Democratic presidential candidate Joe Biden argued on Wednesday that China is “not competition” for the United States, downplaying the threat from the world’s second-largest economy.
Biden’s comments drew criticism from Republicans, including Sen. Mitt Romney, as well as Sen. Bernie Sanders, a top Biden rival in the 2020 Democratic field, who said it was “wrong to pretend” China wasn’t a major economic competitor.
While talking up the United States’ place in the world, the former vice president said he doesn’t know a “single, solitary” world leader who would not change places with the US over the problems it faces.
“China is going to eat our lunch? Come on, man,” Biden said while campaigning in Iowa City, Iowa, arguing that China has problems of its own.
“They can’t even figure out how to deal with the fact that they have this great division between the China Sea and the mountains in the east, I mean in the west,” Biden said. “They can’t figure out how they’re going to deal with the corruption that exists within the system. I mean, you know, they’re not bad folks, folks. But guess what, they’re not, they’re not competition for us.”
Biden has long made similar remarks about China, dating back to his days as vice president, but the remarks are gaining attention as he leads the crowded field of Democratic candidates. They also paint a stark contrast to President Donald Trump, who campaigned in 2016 by casting China as a threat and as President has treated the world’s second-largest economy as a rival superpower to be vanquished.
Biden’s remarks about China on Thursday were scoffed at by Republicans, including Romney, who tweeted, “This will not age well.”
Sanders, who’s also seeking the Democratic presidential nomination, used the moment to further draw a contrast between him and Biden without mentioning the former vice president by name.
“Since the China trade deal I voted against, America has lost over 3 million manufacturing jobs,” Sanders posted on Twitter. “It’s wrong to pretend that China isn’t one of our major economic competitors.”
Biden’s spokesman said the former vice president was not suggesting China isn’t a threat, but was pointing out that the United States has myriad advantages over China that should not be overlooked. The line in Biden’s speeches is intended to showcase US economic strengths and avoid demoralizing American workers, the campaign said.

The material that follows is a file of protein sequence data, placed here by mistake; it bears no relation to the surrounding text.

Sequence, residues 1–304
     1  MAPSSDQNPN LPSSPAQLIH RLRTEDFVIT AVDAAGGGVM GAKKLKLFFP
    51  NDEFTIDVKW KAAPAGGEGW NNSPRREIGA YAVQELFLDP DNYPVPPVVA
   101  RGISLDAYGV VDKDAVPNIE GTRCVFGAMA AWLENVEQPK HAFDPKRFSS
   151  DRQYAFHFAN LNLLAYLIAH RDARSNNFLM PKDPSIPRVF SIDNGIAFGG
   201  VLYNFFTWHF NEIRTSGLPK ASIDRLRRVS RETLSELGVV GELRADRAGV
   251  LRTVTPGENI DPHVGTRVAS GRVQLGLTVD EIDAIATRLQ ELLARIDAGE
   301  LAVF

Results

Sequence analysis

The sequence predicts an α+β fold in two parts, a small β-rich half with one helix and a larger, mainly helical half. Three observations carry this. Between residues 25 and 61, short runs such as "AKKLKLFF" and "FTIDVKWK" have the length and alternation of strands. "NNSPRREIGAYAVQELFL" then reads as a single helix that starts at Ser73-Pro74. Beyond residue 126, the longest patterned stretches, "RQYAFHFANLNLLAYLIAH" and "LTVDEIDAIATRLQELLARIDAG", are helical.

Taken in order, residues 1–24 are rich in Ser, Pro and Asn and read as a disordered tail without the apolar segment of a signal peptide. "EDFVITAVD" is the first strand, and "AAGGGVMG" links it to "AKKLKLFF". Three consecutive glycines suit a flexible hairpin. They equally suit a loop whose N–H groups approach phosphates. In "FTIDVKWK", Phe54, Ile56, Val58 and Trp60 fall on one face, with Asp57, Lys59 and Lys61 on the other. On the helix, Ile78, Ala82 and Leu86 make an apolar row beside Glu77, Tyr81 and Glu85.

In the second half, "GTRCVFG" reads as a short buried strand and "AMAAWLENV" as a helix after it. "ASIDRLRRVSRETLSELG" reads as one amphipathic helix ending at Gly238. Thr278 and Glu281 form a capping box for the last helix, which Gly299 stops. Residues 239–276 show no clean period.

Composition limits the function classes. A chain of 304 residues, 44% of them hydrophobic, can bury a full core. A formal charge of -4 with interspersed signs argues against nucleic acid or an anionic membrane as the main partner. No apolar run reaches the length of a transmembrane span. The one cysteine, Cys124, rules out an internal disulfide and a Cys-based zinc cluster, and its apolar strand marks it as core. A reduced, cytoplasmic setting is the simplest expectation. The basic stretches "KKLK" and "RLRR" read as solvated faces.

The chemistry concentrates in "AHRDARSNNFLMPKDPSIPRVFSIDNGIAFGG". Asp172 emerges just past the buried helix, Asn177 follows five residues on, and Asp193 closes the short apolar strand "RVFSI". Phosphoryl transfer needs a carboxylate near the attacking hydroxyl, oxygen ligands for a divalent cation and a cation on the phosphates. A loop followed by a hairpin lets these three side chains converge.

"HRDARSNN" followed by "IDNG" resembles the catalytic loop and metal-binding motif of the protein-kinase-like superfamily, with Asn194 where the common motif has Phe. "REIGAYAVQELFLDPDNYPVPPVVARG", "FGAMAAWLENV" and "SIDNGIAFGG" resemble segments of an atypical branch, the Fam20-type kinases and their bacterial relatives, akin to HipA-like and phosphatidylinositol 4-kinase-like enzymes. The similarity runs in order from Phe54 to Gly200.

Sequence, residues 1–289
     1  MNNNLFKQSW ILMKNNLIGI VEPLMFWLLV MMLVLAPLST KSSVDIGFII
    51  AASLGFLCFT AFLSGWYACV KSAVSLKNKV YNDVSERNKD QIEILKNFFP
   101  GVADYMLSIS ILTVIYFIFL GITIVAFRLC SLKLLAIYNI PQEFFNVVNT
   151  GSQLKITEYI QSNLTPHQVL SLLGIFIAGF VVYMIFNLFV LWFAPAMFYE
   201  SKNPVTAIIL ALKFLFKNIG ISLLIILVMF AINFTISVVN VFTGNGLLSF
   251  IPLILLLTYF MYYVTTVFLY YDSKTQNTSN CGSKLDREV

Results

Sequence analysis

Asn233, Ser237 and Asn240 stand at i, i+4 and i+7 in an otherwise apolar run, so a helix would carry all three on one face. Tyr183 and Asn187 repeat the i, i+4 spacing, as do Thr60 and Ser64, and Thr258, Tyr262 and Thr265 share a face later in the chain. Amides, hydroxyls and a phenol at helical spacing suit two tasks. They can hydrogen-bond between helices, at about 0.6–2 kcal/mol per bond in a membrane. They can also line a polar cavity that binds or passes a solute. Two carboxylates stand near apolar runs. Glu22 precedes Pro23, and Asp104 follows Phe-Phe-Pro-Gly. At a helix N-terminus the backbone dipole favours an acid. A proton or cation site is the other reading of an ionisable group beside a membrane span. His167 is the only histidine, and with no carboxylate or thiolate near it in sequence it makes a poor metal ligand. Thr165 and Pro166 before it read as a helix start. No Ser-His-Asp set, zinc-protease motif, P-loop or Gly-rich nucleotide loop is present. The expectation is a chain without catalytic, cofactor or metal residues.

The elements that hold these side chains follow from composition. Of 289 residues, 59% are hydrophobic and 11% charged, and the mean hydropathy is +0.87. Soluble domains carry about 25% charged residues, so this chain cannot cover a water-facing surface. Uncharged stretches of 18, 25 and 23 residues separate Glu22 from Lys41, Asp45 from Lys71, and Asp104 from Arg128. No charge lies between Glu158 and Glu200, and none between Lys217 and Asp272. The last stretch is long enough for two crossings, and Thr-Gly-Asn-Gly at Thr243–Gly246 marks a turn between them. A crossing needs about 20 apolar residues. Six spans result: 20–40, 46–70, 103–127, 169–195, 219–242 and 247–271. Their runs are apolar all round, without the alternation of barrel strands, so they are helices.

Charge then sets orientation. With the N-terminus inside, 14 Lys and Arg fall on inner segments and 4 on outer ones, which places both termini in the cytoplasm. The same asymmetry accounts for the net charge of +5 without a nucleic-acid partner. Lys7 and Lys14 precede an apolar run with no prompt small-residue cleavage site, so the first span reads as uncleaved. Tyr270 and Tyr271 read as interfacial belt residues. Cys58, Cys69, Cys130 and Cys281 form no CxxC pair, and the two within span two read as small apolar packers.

“As he has many times, Vice President Biden underscored that, whatever challenges we face as a nation, including those posed by a rising China, they pale in comparison to the structural and social challenges that confront China itself,” Andrew Bates said in a statement. “Joe Biden believes it’s never a good bet to bet against America and the fundamental strength, resilience, and ingenuity of its people.”
China currently is the world’s second-largest economy and already the world’s largest market for cars and smartphones. Though the country’s economy has slowed due to a trade war with the US and government efforts to rein in a huge amount of debt in its financial system, China has showed renewed signs of life in 2019.
China is also set to eclipse the United States as the world’s top retail market for the first time, with the gap widening between the two markets in the coming years, according to a report from research firm eMarketer.
The US and China have been locked in a trade war since President Donald Trump slapped tariffs last year on $250 billion worth of Chinese goods over China’s theft of US intellectual property. According to the US Trade Representative, Chinese theft of US intellectual property costs $225 billion and $600 billion annually. The two countries are engaged in high-level talks to cut a deal.
The US has also been pressuring other countries not to use Huawei equipment in building next-generation 5G networks, alleging that the products produced by the Chinese tech company could be used for spying.
CNN’s Jeff Zeleny, Julie Gallagher and Daniel Shane contributed to this report.